Wednesday 12 December 2018

My Top Ten Reads for 2018

If you’re pedantic and fussy about details, you will notice that my list includes more than 10 books. I’ve read more than those listed, but I couldn’t leave any out from this list. I won’t say anything if you don’t.
These titles are presented in no particular order of preference. Read them all!

Searching for Healing – From the New Age to Jesus by Julie Mellor
 published by John Mellor Ministries
This powerful testimony walks the reader through the author’s search for healing, and the many New Age practises she tried to find it. As an atheist, she had no intention of ever considering God or Jesus as an option, but the Holy Spirit had a way of bringing her to face what she had been ignoring—her need of the true healer.

Sitting at the Feet of Rabi Jesus – How the Jewishness of Jesus Can Transform Your Faith by Ann Spanger and Lois Tverberg
 published by Zondervan (also Reading the Bible with Rabbi Jesus and Walking in the Dust of Rabbi Jesus)
This trio of books make fascinating reading. As western Christians, we often read the Bible through our post-millennial, Western lens, and we often misunderstand what it was that the Jewish listeners of the First Century would have heard. Highly recommended reading as part of your Bible study.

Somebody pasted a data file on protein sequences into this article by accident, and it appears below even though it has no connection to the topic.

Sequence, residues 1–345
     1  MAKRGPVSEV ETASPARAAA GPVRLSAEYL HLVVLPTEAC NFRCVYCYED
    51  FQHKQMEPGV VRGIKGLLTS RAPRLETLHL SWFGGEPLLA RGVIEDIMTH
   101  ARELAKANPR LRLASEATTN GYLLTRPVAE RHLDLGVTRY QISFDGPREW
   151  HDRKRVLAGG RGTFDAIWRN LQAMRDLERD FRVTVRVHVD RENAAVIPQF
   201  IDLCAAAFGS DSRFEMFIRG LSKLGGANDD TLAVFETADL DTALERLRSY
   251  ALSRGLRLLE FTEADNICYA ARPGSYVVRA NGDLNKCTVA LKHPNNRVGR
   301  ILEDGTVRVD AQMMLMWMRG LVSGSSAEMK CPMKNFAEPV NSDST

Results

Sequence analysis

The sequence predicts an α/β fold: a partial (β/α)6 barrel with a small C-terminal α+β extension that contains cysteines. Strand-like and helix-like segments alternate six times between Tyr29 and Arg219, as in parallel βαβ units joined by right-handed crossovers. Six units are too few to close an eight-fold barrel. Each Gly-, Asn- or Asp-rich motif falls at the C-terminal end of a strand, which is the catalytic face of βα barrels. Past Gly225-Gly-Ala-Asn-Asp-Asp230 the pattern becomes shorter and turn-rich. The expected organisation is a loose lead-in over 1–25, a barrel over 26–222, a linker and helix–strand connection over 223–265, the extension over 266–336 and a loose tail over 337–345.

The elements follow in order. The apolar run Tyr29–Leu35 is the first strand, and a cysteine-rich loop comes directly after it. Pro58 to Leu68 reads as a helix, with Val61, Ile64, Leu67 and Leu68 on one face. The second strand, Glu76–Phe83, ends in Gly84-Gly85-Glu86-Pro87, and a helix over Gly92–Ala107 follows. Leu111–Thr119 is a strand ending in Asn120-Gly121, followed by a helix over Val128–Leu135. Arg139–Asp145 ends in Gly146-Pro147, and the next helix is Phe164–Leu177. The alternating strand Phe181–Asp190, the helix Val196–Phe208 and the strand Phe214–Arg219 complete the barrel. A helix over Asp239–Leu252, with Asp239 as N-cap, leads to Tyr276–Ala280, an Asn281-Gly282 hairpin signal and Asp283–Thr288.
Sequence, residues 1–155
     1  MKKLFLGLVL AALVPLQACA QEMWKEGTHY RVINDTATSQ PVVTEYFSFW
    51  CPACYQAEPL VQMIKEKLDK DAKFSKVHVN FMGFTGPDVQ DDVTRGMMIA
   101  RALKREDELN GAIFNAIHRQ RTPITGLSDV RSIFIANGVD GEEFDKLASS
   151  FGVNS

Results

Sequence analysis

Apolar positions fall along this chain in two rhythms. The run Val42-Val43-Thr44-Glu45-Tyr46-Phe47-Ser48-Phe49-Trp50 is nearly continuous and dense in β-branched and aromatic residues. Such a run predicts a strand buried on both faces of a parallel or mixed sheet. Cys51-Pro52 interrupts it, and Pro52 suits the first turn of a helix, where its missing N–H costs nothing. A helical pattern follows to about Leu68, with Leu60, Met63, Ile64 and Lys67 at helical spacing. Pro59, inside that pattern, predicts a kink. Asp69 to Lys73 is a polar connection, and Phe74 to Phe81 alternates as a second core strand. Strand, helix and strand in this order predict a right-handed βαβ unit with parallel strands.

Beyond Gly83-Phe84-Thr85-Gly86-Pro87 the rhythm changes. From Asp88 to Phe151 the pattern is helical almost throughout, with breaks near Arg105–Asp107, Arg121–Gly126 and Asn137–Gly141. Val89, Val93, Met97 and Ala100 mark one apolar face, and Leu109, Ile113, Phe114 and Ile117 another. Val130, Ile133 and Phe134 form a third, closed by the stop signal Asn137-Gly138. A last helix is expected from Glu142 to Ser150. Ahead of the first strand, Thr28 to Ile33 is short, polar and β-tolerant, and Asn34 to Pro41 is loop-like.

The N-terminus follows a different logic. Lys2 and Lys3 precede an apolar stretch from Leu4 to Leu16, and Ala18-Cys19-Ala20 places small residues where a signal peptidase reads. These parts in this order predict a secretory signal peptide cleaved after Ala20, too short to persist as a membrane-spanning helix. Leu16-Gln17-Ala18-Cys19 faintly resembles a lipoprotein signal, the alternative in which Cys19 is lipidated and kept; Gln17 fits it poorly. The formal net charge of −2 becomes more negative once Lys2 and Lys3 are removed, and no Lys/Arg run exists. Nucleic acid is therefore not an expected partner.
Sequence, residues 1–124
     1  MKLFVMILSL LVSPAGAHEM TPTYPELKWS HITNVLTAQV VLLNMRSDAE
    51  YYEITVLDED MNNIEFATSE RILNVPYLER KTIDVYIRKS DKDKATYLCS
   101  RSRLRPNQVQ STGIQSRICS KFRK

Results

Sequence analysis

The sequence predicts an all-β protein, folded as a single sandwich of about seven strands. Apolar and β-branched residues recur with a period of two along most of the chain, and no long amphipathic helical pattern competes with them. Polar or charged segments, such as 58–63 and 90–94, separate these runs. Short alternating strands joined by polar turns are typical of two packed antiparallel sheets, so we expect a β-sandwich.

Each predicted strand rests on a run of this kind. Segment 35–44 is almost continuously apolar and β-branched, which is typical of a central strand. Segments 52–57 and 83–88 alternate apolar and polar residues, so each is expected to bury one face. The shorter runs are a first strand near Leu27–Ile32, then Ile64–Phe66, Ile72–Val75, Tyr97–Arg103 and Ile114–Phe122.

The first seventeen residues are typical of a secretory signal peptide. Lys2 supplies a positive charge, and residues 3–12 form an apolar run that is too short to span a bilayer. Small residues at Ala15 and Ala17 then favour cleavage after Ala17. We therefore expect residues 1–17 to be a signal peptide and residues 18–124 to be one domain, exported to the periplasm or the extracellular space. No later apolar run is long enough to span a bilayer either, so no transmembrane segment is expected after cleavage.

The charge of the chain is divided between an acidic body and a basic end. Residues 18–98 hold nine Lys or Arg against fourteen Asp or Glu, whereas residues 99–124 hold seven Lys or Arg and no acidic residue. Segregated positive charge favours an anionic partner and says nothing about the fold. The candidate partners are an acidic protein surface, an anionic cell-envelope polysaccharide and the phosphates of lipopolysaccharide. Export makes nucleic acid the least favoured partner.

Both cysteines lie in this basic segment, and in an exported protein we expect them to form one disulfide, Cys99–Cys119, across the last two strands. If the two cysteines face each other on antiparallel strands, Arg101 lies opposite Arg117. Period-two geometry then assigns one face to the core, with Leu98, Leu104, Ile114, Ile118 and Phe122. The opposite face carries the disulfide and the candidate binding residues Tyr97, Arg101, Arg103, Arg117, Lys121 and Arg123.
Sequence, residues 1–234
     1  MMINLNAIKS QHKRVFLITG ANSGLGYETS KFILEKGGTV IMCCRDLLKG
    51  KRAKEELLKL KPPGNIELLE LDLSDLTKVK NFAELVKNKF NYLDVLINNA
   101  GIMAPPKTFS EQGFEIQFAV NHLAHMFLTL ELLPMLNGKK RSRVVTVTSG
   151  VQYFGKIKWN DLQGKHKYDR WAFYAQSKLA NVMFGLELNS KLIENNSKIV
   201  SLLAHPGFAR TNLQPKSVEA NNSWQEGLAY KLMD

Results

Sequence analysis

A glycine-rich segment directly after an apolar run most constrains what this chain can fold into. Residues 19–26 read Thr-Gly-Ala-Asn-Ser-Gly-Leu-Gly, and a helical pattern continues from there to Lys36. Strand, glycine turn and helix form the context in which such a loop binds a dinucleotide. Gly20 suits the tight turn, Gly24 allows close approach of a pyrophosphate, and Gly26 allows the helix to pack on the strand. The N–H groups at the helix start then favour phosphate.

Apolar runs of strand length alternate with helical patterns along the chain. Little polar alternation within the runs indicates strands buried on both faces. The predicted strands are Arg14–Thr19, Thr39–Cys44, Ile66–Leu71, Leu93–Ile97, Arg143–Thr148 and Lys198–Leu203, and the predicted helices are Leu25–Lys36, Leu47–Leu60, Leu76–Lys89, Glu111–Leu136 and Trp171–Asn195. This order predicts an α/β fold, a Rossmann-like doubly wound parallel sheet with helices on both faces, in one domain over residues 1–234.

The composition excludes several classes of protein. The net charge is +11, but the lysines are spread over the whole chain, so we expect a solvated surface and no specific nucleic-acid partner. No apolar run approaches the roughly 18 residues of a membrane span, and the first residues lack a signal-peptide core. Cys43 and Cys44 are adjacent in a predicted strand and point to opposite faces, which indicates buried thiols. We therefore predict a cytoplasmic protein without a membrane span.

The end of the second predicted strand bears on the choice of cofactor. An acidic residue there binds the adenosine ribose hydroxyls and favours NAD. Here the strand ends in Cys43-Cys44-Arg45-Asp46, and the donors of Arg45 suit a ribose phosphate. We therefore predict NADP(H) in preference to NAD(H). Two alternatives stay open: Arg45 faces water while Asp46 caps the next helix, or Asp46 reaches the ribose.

Hell on the Doorstep – Hope beyond Black Saturday by John and Jan Graham with Meredith Resce published by Golden Grain Publishing
While I am technically the story editor, and minor contributor to this work, it is not my story. The day Jan Graham first shared it with me I said to her, ‘you have to write a book’. Neither John nor Jan are writers, and so I helped them craft this biographical account of how they responded when the Black Saturday bushfires were on their doorstep.

Land of Silence by Tessa Afshar
Published by Tyndale House Publishers
This is the third novel by this author that I have read and thoroughly enjoyed. Tessa Afshar writes Biblical Fiction and it is outstanding. Land of Silence tells the story of the woman who had suffered for 12 years from bleeding and was healed, but that part of the story is not revealed until near the end. Most of the story introduces us to her and her family, set in First Century Jerusalem. The characters are engaging, and the plot well crafted. I highly recommend this author.

All Made Up by Kara Isaac
Published by Bellbird Press
This is the second novel I’ve read by this Kiwi author. Always want to support our regional Christian fiction authors—but it wasn’t a trial. I’m not a particular fan of the reality TV shows, though I’ve been known to watch an episode or two. This novel is set in the middle of a reality romance show – Falling for the Farmer. Set in Australia, and then out to Toowoomba Qld. If you like light romance, you’ll like this.

The Catching Kind (Brew Ha Ha series) by Bria Quinlan
Published by Rogue Giraffe Books